- Quick Setup
- Quick Win - Start Wordpress
- Implement phpmyadmin
- Setup OpenShift
Get OpenShift Online account
One such PaaS provider (amongst many) is Red Hats OpenShift. Other examples are Heroku, Google AppEngine, Engineyard, Microsoft Azure, VMWare's CloudFoundry. The list goes on. However, one of the cool things bout OpenShift is that its open sourced. You will remain free to move your code and environment to other vendors within OpenShift. Say that Red Hat starts charging too much - many vendors can be implementing the same environment,allowing you to easily move (at least, more easily than proprietary solutions). Alternatively, you could take OpenShifts code and implement your own PaaS server, on your computer at home. Only those whose source code is open sourced can claim this.
- Head to https://www.openshift.com/ and look for "Openshift Online".
- Signup for a free account
- Verify it by email
- Login to OpenShift Online
- Click on the Settings tab on the webpage
- Namespace field, fill it in
- This will define the URL that you and others will visit to see your live apps that your create.
- So, for example, we enter "teachingoss" and our URLs will be something like:
- Public Keys, for now, we will leave this blank
- If you know what a public key is, and you have one on your existing machine, go ahead and enter it here
- This will allow you to extremely easily access the SSH command line of your virtual app
- We will touch on it in a later activity
Quick Win - Start Wordpress
What will the student hand in?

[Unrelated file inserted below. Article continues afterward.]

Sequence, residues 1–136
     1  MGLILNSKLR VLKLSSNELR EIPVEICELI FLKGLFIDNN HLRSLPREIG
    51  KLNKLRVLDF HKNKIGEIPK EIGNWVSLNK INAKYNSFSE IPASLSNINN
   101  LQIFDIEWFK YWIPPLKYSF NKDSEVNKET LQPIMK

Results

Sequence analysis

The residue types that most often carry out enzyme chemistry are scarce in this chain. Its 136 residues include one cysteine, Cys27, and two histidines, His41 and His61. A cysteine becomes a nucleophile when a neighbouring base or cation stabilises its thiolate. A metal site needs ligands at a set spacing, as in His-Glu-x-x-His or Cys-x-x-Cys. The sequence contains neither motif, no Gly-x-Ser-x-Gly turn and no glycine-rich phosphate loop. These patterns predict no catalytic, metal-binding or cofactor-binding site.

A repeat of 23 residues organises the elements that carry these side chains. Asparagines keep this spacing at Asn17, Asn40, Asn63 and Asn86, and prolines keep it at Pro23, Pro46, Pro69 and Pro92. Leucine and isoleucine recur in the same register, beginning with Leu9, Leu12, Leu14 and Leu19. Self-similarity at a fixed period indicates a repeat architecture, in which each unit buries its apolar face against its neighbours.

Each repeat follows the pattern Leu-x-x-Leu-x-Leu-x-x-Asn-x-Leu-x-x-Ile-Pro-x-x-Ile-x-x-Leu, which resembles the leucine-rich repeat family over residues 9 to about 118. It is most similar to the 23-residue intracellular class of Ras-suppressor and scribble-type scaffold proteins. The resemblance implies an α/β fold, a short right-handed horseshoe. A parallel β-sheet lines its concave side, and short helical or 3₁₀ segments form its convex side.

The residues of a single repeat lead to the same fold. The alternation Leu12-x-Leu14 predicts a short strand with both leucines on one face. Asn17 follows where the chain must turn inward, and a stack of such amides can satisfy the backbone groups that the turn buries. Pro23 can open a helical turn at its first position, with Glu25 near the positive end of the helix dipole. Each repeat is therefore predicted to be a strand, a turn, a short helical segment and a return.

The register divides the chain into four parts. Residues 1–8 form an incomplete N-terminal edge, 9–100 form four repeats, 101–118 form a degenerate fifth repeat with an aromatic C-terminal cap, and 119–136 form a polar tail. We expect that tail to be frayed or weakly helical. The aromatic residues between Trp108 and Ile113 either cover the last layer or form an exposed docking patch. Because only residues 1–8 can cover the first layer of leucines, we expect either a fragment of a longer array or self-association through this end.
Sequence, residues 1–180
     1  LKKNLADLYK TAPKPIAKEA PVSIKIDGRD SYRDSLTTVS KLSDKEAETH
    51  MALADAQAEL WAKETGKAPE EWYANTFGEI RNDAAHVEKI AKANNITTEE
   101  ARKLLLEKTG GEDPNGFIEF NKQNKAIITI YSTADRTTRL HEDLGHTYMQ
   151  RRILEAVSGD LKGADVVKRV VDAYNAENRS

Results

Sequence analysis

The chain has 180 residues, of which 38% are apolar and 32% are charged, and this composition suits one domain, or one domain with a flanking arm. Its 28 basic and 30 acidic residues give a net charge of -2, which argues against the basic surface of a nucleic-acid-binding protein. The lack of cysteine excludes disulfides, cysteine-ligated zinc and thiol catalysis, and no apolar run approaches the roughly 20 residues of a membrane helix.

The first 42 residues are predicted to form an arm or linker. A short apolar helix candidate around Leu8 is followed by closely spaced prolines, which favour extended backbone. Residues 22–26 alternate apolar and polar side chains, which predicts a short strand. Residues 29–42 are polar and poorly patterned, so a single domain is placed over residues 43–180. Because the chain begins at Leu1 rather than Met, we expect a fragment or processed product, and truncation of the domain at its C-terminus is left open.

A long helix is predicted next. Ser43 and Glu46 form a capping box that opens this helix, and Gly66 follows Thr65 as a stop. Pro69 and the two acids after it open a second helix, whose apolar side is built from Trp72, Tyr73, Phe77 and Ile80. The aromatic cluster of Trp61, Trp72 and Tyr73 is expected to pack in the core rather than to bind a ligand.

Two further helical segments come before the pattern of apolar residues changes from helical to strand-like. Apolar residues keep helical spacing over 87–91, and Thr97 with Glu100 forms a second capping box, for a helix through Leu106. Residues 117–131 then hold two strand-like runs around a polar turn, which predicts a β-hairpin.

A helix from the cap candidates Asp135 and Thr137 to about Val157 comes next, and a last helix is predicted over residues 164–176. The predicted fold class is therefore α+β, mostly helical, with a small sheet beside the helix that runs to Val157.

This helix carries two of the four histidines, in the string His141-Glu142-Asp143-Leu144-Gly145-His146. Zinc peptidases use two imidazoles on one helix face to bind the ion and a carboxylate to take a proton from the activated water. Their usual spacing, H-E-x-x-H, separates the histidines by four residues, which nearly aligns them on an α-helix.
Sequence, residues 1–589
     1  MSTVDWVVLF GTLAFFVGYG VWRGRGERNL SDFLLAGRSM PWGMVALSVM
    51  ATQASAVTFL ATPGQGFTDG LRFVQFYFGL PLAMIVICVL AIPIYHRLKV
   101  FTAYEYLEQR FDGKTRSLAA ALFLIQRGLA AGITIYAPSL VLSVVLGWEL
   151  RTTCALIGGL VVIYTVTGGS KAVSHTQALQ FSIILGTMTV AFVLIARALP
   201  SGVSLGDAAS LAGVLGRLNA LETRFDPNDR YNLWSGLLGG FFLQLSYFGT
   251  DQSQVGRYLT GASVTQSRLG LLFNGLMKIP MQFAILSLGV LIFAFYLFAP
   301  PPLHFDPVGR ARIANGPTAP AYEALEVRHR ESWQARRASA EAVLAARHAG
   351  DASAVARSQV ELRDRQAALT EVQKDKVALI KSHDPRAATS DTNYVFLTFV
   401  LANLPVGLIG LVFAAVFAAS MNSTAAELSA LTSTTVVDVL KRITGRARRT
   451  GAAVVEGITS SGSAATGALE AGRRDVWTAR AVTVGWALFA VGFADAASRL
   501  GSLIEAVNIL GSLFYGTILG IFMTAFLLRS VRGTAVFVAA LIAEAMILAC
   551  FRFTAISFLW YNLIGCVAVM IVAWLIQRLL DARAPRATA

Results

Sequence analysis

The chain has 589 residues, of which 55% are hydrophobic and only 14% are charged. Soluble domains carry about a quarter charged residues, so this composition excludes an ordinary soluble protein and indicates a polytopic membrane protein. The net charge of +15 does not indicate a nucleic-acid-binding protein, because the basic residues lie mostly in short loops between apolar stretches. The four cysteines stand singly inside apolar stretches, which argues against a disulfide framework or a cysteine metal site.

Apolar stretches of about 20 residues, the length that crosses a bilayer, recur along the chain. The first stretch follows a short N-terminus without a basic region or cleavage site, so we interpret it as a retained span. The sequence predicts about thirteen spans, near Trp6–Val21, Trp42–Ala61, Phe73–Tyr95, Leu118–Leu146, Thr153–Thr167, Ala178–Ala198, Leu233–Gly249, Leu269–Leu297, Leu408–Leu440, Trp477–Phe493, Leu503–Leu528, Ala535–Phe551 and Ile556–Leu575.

How will the activity be graded?
How will learning will be measured?
Include sample assessment questions/rubrics.
|Criteria||Level 1 (fail)||Level 2 (pass)||Level 3 (good)||Level 4 (exceptional)|
|The purpose of the project|
|Why the project is open source|
What should the instructor know before using this activity?
What are some likely difficulties that an instructor may encounter using this activity?
|Knowledge Area/Knowledge Unit||What ACM Computing Curricula 2013 knowledge area and units does this activity cover? ACM_Body_of_Knowledge|
|Topic||What specific topics are addressed? The Computing Curriucula 2013 provides a list of topics - https://www.acm.org/education/CS2013-final-report.pdf|
|Level of Difficulty||Is this activity easy, medium or challenging?|
|Estimated Time to Completion||How long should it take for the student to complete the activity?|
|Materials/Environment||What does the student need? Internet access, IRC client, Git Hub account, LINUX machine, etc.?|
|Author||Who wrote this activity?|
|Source||Is there another activity on which this activity is based? If so, please provide a link to the original resource.|
|License||Under which license is this material made available? (http://creativecommons.org/licenses/)|
Suggestions to Open Source Mentors:
Suggestions for an open source community member who is working in conjunction with the instructor.
This work is licensed under a Creative Commons Attribution-ShareAlike 4.0 International License